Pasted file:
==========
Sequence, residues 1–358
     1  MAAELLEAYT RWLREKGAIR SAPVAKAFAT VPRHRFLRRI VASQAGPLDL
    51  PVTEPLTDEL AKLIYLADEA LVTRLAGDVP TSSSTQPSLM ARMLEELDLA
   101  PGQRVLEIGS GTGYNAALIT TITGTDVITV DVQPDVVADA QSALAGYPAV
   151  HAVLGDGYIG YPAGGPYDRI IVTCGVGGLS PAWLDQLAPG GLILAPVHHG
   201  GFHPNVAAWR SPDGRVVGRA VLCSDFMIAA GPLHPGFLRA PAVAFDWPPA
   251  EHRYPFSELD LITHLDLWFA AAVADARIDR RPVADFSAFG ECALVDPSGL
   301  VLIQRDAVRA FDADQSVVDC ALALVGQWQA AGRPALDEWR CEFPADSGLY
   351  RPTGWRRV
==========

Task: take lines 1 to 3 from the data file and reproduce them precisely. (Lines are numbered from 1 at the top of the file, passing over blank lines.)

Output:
Sequence, residues 1–358
     1  MAAELLEAYT RWLREKGAIR SAPVAKAFAT VPRHRFLRRI VASQAGPLDL
    51  PVTEPLTDEL AKLIYLADEA LVTRLAGDVP TSSSTQPSLM ARMLEELDLA